•This device, with its 16:9 display, works best in a horizontal orientation and is awkward (to put it mildly) in a vertical arrangement. There are benefits to this design, including the ability to snap one app (like a Twitter feed) into a pane on the side while you work with another app in the larger space alongside it. It also allows you to watch HD movies the way they were shot. But this design choice makes reading ebooks using Amazon’s Kindle app a two-handed operation. (To make things worse, the RT version of the Kindle app only shows a single page in landscape orientation, while the x86/x64 version can display two pages. Why?)
•Working in a world where Internet Explorer is your only browser can be frustrating or even infuriating. Some websites, for good reasons or bad, don’t work properly with Internet Explorer 10. For a ZDNet blogger like me, that’s a showstopper, because the ZDNet back end doesn’t allow uploading of images from Internet Explorer 10. The action simply fails. On a Windows 8 PC, I can just flip over to Chrome or Firefox. With Windows RT, the option to use an alternative browser simply doesn’t exist.
•The Office 2013 apps in Windows RT are almost but not quite the same as their x86 counterparts. For most tasks, that’s no big deal, but occasionally I run across a document spreadsheet that depends on Word or Excel macros. Oops! Macros aren’t supported on Windows RT.
•The lack of comprehensive driver support is an issue. A big theoretical advantage of Windows RT is that it allows connections to printers. Except there’s no RT driver for my printer, which means that advantage is still theoretical. Likewise, plugging in any USB device other than a flash drive is likely to be frustrating. I have yet to find a USB-to-Ethernet adapter that Windows RT supports, for example.

Summarized, these bullet points look like this:

  • App selection/ Store
  • Display orientation
  • IE being the only browser
  • Office 2013 RT not being the full version
  • Lack of driver support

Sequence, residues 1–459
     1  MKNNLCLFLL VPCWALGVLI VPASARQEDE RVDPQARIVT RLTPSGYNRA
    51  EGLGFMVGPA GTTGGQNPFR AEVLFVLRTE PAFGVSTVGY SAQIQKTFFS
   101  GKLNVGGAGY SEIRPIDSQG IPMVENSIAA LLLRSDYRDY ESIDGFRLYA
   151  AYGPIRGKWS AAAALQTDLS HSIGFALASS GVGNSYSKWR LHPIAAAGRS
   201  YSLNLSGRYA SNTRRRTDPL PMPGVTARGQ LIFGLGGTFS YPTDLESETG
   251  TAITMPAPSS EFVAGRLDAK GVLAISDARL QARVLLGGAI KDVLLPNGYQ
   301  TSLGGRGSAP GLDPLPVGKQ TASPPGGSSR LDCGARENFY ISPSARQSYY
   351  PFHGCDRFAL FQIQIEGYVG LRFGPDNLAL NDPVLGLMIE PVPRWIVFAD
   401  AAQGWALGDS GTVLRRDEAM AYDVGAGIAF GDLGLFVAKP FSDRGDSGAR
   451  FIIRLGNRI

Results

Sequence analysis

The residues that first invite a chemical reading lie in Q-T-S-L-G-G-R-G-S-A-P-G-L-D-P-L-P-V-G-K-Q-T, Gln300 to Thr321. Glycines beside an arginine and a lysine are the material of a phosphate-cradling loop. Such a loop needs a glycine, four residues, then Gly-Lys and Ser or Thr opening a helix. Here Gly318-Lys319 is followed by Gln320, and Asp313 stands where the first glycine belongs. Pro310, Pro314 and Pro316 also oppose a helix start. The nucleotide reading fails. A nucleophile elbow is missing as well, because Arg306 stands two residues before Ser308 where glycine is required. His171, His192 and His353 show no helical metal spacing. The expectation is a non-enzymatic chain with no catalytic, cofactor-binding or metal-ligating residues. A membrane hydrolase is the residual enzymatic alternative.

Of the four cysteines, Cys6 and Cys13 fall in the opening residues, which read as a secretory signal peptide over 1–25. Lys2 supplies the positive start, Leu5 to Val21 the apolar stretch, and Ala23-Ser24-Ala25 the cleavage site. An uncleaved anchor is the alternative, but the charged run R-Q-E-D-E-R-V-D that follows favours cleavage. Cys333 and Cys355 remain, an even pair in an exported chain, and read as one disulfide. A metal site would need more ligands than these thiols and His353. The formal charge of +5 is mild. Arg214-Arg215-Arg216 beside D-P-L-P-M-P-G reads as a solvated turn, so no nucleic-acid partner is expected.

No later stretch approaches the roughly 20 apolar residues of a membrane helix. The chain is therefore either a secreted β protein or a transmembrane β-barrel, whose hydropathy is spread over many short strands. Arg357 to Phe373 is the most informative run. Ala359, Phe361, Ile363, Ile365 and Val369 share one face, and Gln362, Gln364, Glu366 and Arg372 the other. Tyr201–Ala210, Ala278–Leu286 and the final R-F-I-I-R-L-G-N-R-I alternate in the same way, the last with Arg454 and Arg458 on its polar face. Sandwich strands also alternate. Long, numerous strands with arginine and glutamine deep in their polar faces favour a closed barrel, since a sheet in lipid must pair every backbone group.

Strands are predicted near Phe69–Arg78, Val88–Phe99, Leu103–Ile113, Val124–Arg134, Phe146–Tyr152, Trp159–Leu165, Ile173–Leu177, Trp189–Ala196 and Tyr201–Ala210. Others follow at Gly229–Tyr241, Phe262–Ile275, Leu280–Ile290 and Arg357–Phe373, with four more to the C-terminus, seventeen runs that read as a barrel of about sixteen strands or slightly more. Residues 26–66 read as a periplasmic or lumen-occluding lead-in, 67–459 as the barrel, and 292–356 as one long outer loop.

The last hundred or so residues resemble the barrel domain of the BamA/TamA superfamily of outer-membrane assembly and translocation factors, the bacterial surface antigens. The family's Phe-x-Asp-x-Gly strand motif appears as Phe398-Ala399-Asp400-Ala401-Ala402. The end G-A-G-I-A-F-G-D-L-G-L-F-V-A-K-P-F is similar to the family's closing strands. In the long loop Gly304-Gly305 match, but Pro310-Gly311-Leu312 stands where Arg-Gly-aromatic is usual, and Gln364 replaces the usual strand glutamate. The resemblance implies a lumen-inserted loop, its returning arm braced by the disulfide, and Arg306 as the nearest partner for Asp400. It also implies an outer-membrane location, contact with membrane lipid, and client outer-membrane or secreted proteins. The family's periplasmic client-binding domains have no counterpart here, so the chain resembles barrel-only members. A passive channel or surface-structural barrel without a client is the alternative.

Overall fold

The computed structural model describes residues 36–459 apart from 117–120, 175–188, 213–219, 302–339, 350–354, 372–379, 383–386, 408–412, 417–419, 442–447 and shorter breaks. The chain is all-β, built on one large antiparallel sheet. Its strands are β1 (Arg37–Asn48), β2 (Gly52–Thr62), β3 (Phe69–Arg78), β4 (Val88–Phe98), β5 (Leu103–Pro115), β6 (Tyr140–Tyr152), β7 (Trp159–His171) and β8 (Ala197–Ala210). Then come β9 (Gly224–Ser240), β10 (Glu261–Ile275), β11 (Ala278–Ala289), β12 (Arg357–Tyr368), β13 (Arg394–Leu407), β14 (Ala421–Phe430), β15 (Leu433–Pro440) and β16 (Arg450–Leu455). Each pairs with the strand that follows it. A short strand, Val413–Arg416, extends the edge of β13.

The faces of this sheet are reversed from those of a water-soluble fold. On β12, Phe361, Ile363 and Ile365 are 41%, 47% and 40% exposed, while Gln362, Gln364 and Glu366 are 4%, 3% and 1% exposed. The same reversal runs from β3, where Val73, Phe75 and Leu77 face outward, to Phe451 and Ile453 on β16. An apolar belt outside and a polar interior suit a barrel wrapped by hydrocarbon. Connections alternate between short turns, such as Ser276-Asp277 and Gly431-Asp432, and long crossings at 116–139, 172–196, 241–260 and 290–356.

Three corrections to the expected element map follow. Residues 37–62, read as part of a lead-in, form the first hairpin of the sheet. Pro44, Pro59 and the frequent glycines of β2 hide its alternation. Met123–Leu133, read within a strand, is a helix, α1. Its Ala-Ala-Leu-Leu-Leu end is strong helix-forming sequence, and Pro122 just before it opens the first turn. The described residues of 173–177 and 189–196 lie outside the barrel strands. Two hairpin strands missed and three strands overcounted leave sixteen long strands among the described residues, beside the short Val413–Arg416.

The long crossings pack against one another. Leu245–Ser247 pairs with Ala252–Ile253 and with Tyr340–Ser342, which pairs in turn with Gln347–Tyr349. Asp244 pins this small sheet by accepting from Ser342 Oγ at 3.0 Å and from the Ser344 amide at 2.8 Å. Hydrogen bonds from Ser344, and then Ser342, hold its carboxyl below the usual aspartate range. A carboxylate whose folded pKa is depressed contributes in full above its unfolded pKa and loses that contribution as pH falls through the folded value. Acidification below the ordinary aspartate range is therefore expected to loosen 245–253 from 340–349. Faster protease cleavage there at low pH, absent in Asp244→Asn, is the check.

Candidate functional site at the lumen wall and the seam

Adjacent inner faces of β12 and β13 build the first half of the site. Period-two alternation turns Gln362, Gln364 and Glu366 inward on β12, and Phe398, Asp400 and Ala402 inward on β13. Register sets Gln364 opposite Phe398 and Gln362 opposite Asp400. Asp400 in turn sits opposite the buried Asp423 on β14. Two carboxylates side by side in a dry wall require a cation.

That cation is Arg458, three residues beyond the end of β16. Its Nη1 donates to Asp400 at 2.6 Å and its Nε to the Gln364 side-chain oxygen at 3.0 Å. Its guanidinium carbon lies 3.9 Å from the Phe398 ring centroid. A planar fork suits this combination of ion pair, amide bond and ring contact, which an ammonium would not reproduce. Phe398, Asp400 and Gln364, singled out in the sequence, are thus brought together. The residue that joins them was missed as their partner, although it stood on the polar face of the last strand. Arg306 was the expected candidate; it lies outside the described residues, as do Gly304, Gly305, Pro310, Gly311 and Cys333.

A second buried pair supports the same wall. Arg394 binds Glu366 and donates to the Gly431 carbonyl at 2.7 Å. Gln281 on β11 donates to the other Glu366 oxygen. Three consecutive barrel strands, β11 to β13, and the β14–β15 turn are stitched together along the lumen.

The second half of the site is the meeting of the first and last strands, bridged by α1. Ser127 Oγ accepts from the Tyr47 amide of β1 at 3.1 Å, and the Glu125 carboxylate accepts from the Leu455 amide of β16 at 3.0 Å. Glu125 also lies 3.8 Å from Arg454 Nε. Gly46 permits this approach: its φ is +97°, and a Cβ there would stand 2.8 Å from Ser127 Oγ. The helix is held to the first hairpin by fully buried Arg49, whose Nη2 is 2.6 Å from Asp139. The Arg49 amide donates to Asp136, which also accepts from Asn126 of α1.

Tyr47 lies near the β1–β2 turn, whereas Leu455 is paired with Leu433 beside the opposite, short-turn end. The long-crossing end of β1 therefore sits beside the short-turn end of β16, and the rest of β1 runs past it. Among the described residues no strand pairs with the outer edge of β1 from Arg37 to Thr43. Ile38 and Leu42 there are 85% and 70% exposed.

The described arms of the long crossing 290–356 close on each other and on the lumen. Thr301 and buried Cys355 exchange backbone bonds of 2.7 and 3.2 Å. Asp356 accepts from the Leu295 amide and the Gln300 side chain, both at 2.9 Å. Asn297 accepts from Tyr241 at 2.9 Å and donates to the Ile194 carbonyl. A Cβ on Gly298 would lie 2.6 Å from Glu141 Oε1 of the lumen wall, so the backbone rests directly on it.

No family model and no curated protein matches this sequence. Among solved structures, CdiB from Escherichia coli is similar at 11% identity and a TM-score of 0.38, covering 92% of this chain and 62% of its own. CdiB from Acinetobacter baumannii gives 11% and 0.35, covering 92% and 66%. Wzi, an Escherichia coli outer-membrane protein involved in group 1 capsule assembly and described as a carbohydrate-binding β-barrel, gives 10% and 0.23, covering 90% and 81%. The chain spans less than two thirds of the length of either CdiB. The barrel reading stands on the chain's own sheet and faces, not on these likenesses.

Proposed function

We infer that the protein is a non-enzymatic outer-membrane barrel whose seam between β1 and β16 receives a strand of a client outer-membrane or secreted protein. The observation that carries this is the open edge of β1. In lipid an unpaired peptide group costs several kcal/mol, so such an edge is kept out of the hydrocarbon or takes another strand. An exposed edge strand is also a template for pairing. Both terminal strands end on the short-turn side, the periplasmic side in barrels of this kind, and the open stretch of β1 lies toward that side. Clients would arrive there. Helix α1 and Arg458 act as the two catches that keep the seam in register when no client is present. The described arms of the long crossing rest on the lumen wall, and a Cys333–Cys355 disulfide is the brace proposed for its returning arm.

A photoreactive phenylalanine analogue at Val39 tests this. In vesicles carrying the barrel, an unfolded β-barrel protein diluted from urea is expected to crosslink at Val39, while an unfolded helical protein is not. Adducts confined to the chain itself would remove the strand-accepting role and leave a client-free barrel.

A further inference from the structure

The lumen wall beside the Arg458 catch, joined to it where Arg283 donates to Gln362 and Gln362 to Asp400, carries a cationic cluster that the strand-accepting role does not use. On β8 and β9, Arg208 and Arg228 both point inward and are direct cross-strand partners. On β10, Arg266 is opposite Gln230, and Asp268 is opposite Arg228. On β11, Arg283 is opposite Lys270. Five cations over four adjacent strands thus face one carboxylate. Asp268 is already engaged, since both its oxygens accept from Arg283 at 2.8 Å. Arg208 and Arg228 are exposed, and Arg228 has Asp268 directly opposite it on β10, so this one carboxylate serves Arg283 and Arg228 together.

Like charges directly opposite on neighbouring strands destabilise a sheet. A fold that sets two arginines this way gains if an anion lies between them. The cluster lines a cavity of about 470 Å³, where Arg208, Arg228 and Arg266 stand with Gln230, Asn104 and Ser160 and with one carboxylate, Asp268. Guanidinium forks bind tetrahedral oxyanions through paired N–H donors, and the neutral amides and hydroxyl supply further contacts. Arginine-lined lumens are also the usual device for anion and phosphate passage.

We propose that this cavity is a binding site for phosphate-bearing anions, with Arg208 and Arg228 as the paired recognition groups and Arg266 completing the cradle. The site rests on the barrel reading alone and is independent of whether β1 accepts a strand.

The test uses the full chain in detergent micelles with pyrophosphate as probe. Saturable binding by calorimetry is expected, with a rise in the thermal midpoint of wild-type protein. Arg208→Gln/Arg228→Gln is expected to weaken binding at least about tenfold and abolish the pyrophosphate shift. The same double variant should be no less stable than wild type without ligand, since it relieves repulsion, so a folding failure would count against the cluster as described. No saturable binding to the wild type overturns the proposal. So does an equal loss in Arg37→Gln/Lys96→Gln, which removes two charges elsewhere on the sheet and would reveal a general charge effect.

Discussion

None of this is or should be new to those of us who have bought and use the RT. But equally, my personal opinion is that none of these negative points are really that substantive. Let me address them one at a time:

First, the App Store. In my original post I have addressed this. Briefly, yes, the App store is relatively sparsely populated. Most likely it will take time to build up. And, MS should subsidize developers (perhaps by providing a time-bound income stream) to develop robust apps for the most common apps.

Second, display orientation. I am still not sure what the problem here is aside from the fact that Apple has apparently patented what may be the most optimal size and dimension that befits a tablet. Again, I am not sure about this. The landscape mode does have its advantages and it ends up being a question of trade-offs, which we do all the time.

Third, IE being the only browser. Well, yes, I can see that - especially because before I started using the Surface and Win 8 on my desktop, I was (and to some extent remain) heavily invested in Google's services. But I can understand MS's logic for pursuing this course of action. Unlike Google (who probably cares less what browser we use as long as it is able to go about its data mining and ad-related activities) MS and to a certain extent Apple (principally with the iPad) want to be our window to the web. Seeing that we live in the browser, MS and Apple would like us to see the web through their eyes. And one consequence of this is that both companies are increasingly becoming exclusionary (though they can't afford to do this on their respective desktop OSs). In effect, therefore, MS is asking us to make a choice - like Apple has asked and the singular browser is a manifestation of that.

Fourth, Office 2013 RT is not the full version. Yeah right! I thank my stars that at least I have a version of Office that does not break documents that I create in the full version in the first place - and yes, I have tried - as most of you must also have - to use the various clones that the Android world offers. Not having tried the Apple versions, I would not know.

Fifth, and lastly, the driver issue. Yes, this may be a problem where peripherals are concerned. But thus far, I have not really run into a problem. But definitely, MS needs to up the ante here because this is, again in my opinion, one of the key USPs of the Surface RT.

Ok...so why did I post all this? Just wanted to get this off my chest. And, of course, to invite your opinions!

Cheers!
 
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kristalsoldier

kristalsoldier

Well-Known Member
Here is an article that directly addresses the 'negative reviews' of the Surface - though the article focus on the Surface Pro, arguably, a similar case could be made for the Surface RT. The article is here: Surface Pro Sniping
 

oneniner

New Member
Well said. you echoed my thoughts. I replaced an Android tab with the RT. During my research I tried the RT and walked away. Each time I entered a store I would poke around some more on the RT, watched some YouTube tutorials and I was hooked. Many folks don't like change and do not want to try or learn anything new. I think it is the best tablet and UI available and Windows 8 is rich in features and capability. And believe me, I was no MS fan. Always had and still have Macs and the wife is an iPad user.